Tuesday, 1 April 2014

"Through the Looking Glass"


Bhikkhu Cintita, on alms rounds in Burma


Californian John Dinsmore led a full lay life for fifty years: he worked as a noted linguist, computer programmer, carpenter, and business entrepreneur in Eastern Europe just after the Soviet Union collapsed; he fathered three children and had several marriages and long-term relationships; and had several degrees in higher education and himself taught as a professor in various universities. However, despite all this, he still felt unfulfilled and in search of greater meaning. He ended up leaving most of his possessions and the trappings of lay life to devote himself entirely to Zen Buddhist practice in California and Texas, eventually becoming an integral member of the burgeoning Austin Zen Center. In time, he himself was appointed a Zen teacher and priest here. Still, the depth of renunciation for which he was searching could not be found in Zen, and so he accepted an invitation to travel to Burma on a pilgrimage. Arriving in full Zen clothing, he later ordained as a Theravadin Bhikkhu on a full moon day in Sagaing. In fact, his ordination took place at Sitagu Academy, on the very birthday of Sitagu Sayadaw. He spent the following 13 months between the Sitagu campuses in Yangon and Sagaing. Having recently turned 60 and now known as Bhikkhu Cintita, he has now written a memoir on the events leading to his life in robes. The entire book can be found here, while the monk's main blog is here.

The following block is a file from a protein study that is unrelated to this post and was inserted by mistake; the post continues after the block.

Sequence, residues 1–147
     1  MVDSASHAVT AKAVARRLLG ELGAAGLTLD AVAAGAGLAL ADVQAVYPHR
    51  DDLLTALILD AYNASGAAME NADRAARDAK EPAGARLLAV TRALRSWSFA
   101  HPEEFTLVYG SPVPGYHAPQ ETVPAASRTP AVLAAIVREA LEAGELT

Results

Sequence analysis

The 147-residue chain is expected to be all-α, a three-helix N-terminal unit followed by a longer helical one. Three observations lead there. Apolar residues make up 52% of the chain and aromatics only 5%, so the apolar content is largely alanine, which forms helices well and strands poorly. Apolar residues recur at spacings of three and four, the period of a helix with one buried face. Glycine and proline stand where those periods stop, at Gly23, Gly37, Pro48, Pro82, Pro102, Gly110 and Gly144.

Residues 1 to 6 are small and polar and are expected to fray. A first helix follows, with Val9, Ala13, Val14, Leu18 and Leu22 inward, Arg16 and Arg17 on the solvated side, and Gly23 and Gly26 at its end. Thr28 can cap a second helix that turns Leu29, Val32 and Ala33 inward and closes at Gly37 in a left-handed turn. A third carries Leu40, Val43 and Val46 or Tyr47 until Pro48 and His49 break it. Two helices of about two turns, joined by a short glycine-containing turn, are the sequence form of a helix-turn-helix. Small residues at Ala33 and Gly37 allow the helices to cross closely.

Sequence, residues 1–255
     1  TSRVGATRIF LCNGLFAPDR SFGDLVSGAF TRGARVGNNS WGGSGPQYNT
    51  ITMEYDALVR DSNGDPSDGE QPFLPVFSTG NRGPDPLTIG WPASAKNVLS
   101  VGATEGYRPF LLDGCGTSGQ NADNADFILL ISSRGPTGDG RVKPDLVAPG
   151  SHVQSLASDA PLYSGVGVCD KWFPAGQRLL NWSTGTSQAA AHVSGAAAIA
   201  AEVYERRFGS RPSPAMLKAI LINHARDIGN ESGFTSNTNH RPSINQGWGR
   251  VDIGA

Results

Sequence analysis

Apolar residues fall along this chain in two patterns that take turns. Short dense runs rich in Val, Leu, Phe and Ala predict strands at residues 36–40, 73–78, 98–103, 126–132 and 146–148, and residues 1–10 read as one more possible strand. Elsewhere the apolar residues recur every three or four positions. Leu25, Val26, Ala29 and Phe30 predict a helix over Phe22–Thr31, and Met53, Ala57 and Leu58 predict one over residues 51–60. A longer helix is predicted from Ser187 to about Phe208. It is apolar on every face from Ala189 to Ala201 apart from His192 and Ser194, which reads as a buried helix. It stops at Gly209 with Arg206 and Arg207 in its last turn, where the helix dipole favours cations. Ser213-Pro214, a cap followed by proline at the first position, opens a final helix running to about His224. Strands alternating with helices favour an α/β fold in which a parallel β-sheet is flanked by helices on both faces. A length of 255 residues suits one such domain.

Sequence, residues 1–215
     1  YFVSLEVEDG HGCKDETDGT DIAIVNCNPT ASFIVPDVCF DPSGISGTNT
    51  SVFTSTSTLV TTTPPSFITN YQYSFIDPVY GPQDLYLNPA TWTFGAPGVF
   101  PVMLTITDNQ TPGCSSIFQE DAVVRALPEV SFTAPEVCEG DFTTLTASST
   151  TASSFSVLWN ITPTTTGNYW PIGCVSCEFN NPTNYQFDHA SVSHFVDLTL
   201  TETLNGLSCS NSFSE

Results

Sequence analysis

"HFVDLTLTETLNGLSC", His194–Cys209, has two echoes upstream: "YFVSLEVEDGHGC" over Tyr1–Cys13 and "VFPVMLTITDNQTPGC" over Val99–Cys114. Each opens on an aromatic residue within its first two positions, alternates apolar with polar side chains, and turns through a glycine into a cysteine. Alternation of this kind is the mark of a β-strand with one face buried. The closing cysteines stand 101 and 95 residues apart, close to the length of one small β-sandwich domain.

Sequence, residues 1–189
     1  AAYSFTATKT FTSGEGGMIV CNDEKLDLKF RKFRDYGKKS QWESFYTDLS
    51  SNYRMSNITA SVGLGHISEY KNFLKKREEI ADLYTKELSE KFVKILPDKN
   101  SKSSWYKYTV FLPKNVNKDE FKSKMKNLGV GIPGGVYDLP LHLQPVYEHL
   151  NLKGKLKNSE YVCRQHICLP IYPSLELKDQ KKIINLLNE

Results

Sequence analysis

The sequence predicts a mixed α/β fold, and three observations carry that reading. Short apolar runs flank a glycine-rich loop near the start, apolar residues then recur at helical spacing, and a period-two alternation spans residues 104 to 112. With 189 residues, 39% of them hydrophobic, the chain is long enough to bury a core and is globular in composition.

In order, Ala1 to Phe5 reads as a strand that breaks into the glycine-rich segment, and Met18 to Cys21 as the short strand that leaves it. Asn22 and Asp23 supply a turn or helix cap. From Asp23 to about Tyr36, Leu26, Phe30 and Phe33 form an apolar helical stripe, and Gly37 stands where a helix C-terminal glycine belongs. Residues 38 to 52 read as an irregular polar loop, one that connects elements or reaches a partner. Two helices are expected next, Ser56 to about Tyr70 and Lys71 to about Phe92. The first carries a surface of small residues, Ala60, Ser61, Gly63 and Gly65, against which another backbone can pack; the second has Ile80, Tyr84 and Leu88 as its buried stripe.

Following is an excerpt, describing the time immediately after his ordination:

“My initial reply to the Burmese monks who had asked what felt different to me after ordination, ‘I know what I am!’ did not quite get to the heart of it. What was different after ordination was that now, for the first time, more than a few others, in fact an entire culture, an entire nation, recognized the shape of my life. It’s not so much that I know what I am — I had chosen to be it years before at the beginning of the good thinking that had earned me my name — but that others now also know who I am, and not only that, but through their respect for the robes show that they fully endorse and share my faith in this way of life. My gratitude for being held by this kind of support was and is to this very day boundless.”

A view of the Sitagu Academy campus in the Sagaing Hills